By: Eleanor Noyce
Independent: Scientists at the University of Geneva have identified a protein which could replace insulin therapy in the future
Scientists have identified a protein that they say could replace insulin therapy for people with diabetes.
A research team at the University of Geneva (UNIGE) has been working on an alternative approach to insulin for several years, based on the S100A9 protein.
The protein – tested on diabetic mice – can significantly improve metabolism rate and regulate blood glucose, lipids and ketones, a chemical produced by the liver when the body doesn’t have enough insulin to turn glucose into energy.
The study has also discovered an anti-inflammatory effect triggered by the protein, which could be used to treat inflammatory disorders elsewhere.
Insulin is most commonly used to treat type 1 diabetes, but it is also prescribed in more severe forms of type 2 diabetes.
Type 1 diabetes, also known as juvenile diabetes or insulin-dependent diabetes, occurs when the body cannot produce a hormone called insulin, which controls blood glucose. Those living with the condition must inject themselves with insulin either manually, using an insulin pen, or with a pump which continuously drip-feeds insulin. There is currently no cure.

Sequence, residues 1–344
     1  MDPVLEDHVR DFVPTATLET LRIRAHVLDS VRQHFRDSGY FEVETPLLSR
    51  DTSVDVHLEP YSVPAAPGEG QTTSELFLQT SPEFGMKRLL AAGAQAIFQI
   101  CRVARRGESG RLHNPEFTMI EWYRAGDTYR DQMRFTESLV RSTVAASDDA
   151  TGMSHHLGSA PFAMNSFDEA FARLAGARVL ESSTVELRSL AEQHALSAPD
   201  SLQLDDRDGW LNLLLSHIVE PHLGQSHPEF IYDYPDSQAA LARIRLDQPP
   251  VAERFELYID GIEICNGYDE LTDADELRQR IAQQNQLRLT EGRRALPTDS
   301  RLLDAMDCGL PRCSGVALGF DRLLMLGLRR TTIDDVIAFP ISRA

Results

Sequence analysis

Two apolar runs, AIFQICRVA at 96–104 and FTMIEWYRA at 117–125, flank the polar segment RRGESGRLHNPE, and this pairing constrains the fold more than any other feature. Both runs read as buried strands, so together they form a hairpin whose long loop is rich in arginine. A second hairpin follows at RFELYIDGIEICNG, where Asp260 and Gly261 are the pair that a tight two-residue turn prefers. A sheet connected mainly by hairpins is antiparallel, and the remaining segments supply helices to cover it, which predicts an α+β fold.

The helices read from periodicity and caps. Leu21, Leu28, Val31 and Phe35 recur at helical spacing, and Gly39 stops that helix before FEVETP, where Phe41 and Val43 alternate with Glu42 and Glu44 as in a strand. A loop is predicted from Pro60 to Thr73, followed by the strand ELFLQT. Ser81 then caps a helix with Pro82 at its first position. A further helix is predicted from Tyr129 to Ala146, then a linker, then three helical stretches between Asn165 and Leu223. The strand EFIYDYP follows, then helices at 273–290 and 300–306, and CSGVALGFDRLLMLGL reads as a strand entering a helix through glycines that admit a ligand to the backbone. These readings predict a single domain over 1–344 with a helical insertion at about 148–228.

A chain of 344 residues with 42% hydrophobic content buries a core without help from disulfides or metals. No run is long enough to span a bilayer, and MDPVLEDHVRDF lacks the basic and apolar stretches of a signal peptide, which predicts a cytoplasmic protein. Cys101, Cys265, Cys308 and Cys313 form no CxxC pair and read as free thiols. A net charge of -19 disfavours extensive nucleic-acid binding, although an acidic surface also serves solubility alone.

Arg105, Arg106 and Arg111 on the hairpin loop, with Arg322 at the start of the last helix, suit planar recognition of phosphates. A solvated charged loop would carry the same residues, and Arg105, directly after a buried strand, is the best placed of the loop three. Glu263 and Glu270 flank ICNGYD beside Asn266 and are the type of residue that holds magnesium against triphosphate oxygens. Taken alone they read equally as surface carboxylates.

In type 2 diabetes, the pancreas typically cannot produce enough insulin. Diabetes UK reports that common treatments for type 2 include keeping a healthy weight, being active, weight loss surgery, and taking medications such as tablets and injections, which can include insulin. Some cases can be brought into remission.
But for all its life-saving benefits, insulin can come with side effects. “Life-threatening hypoglycaemia, negative impact on fat metabolism and increased cholesterol: these are some severe side effects of insulin.
“This is why we are looking to develop complementary or alternative treatments that are more effective and less dangerous”, said Roberto Coppari, a professor and coordinator of the Diabetes Centre of UNIGE Faculty of Medicine.
The scientists will initially test the drug in combination with low doses of insulin, but it does not rule out the possibility of using S100A9 protein alone in the future.
According to type 1 diabetes charity JDRF UK, approximately 400,000 people are currently living with type 1 diabetes in the UK, including around 29,000 children.